The self-custody platform was acquired by Celsius in 2021 for $115 million and is now set to change hands, pending approvals.
Mike Novogratz-led investment firm Galaxy Digital Holdings has won the bidding to buy GK8, an institutional digital asset self-custody platform owned by Celsius Network — pending court approvals and certain closing conditions.
According to a Dec. 2 blog post from GK8 and a press release from Galaxy, if the acquisition goes ahead, Galaxy will acquire the platform’s nearly 40-strong team as part of the deal including cryptographers and blockchain engineers and an office in Tel Aviv.
GK8 is a self-custody platform for managing blockchain-based assets which offers custody, staking, DeFi, NFT support, tokenization and trading.
The team behind the platform claims it can run secure blockchain transactions without being connected to the internet, severely reducing the risks of hacks.
Celsius acquired GK8 in 2021 for $115 million, though Galaxy has not disclosed how much it offered during the bidding process.
Mike Novogratz, founder and CEO of Galaxy called the acquisition a “crucial cornerstone in our effort to create a truly full-service financial platform for digital assets.”
“Adding GK8 to our prime offering at this pivotal moment for our industry also highlights our continued willingness to take advantage of strategic opportunities to grow Galaxy in a sustainable manner,” he added.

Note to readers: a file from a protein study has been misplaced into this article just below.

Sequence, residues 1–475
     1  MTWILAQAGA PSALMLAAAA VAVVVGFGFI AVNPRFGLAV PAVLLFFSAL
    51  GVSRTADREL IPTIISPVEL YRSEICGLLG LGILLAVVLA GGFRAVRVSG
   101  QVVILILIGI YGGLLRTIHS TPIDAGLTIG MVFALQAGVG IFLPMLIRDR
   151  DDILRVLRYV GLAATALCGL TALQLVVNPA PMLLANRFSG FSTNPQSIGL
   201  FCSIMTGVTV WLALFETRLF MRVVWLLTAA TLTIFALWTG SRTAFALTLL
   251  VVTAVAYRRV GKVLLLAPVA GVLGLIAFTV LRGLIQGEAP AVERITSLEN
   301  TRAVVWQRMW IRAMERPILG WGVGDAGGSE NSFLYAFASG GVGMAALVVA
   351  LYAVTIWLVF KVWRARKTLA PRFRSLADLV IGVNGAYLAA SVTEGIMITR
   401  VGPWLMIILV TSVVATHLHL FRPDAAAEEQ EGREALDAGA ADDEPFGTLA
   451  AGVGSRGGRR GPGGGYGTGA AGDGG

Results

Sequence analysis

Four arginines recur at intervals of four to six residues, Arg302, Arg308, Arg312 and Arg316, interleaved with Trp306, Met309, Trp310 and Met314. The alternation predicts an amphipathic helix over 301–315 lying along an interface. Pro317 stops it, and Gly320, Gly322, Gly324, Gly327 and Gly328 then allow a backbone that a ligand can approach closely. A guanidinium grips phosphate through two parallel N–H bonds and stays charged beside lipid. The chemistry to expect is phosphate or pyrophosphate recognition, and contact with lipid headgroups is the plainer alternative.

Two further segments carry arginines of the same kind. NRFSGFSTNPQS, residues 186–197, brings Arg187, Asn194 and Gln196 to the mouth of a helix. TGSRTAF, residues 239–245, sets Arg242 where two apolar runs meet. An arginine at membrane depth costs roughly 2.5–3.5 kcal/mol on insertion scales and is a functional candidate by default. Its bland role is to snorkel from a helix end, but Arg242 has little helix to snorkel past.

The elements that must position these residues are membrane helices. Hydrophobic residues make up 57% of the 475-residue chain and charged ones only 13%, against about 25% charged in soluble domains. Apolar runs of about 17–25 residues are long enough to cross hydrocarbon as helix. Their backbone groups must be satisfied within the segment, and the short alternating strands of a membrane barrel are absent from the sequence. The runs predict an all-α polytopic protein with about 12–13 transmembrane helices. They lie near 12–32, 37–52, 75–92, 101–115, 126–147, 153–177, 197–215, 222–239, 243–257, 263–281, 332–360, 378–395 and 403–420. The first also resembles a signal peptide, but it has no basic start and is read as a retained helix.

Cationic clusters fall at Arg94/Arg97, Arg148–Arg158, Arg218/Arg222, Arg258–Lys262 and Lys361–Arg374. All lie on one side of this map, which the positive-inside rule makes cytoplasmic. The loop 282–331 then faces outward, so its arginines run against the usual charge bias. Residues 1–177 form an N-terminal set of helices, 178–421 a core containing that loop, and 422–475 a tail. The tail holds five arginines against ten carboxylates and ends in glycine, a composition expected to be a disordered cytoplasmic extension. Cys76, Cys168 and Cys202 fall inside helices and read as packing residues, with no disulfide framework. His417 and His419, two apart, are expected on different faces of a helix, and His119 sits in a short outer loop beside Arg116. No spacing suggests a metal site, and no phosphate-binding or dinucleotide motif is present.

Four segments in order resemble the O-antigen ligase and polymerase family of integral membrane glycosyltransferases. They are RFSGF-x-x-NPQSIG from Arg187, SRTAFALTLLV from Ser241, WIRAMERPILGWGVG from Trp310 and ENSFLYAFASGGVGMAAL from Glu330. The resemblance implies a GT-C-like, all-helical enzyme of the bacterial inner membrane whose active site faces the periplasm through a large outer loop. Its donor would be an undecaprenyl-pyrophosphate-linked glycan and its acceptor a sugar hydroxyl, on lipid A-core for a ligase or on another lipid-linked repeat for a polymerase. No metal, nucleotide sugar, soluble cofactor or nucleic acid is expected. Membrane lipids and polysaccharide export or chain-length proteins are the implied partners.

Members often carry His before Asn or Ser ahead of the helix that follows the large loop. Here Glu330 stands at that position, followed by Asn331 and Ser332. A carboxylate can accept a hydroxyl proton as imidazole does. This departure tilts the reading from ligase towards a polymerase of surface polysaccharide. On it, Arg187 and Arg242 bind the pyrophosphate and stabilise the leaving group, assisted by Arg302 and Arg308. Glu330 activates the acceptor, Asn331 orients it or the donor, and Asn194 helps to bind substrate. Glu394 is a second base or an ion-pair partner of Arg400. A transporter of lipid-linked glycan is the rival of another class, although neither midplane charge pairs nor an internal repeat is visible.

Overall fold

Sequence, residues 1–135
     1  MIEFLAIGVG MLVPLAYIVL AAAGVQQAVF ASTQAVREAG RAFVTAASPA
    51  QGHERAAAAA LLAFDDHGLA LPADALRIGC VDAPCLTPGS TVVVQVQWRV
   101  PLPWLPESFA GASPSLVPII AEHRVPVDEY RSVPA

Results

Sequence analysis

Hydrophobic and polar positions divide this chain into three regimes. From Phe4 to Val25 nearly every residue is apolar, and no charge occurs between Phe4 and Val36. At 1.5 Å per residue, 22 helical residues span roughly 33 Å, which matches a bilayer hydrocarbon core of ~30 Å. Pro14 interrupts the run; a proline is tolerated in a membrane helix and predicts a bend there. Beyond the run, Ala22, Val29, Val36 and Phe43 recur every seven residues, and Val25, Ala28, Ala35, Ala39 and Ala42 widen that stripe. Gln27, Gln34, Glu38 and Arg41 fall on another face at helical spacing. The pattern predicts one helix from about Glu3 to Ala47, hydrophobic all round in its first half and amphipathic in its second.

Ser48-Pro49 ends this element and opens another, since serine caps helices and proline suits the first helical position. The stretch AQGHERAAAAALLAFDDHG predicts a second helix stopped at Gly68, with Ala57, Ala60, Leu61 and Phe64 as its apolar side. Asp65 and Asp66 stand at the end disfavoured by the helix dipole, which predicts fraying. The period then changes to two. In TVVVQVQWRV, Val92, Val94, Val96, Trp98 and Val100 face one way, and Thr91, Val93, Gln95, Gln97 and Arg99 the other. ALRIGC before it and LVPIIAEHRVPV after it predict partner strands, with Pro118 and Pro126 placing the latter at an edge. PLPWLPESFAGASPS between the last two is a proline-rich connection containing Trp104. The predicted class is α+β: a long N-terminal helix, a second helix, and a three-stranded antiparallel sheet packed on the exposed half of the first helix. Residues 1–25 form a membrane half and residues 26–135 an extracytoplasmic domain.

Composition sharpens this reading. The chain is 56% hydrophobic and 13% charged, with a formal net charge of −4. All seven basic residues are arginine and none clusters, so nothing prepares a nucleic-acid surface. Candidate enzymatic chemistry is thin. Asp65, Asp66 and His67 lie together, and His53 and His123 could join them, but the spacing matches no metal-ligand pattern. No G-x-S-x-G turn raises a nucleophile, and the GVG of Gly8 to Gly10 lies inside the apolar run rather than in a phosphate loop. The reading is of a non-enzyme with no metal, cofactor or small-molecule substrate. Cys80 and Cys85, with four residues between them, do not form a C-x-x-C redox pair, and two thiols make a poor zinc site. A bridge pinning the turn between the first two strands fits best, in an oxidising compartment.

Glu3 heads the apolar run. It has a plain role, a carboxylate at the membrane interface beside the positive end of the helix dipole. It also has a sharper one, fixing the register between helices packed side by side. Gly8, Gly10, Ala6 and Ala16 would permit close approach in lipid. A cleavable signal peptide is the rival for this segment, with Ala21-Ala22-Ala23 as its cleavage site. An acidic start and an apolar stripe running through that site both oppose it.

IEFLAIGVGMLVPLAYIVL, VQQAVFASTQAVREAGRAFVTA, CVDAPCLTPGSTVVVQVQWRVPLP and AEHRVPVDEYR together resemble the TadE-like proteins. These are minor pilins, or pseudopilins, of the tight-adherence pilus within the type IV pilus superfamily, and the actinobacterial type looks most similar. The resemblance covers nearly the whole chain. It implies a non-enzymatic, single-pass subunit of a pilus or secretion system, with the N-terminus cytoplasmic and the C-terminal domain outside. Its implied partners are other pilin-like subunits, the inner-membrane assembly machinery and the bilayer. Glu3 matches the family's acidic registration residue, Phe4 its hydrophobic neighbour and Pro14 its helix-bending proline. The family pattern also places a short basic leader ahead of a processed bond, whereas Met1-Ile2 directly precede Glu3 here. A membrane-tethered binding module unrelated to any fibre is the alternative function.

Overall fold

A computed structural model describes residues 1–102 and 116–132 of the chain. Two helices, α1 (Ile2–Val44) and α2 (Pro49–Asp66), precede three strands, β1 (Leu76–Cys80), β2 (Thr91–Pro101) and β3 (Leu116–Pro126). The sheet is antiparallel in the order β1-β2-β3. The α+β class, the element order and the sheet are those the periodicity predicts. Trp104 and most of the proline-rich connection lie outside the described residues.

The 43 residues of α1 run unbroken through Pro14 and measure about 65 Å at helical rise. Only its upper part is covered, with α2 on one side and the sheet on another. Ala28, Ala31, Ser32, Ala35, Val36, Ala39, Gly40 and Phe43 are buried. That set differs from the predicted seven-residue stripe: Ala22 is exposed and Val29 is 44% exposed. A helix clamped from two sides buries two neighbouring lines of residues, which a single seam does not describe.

Galaxy intends to support GK8’s ongoing operations while utilizing its technology to develop its trading platform GalaxyOne it said.
GK8 founders, including CEO Lior Lamesh and CTO Shahar Shamai, are expected to stay with the company and lead Galaxy’s new custodial business.
“With the backing of Galaxy, we aim to introduce new and exciting offerings to the industry that showcase a combination of Galaxy’s best-in-class services and GK8’s cryptography, security, and unparalleled R&D skills,” Lamesh said.
In the court filing, Celsius CEO Alex Mashinsky indicated the company could sell Bitcoin (BTC) mined by its mining operation to help repay at least one of its loans and provide revenue for the company in the future.
While in a Sept. 15 filing with the United States Bankruptcy Court for the Southern District of New York, Celsius asked for permission to sell its stablecoin holdings.
Galaxy Digital was recently named in a $100 million lawsuit by institutional crypto custodian service and wallet operator BitGo for dropping its plans to acquire the firm.
Galaxy terminated the May, 2021 agreement to acquire the firm on Aug. 15, 2022, citing a breach of contract by BitGo when it allegedly failed to deliver audited financial statements by July 31, 2022.
BitGo then revealed in Sept. 13 post that it was seeking more than $100 million in damages, accusing Galaxy of “improper repudiation” and “intentional breach” of its acquisition agreement with BitGo.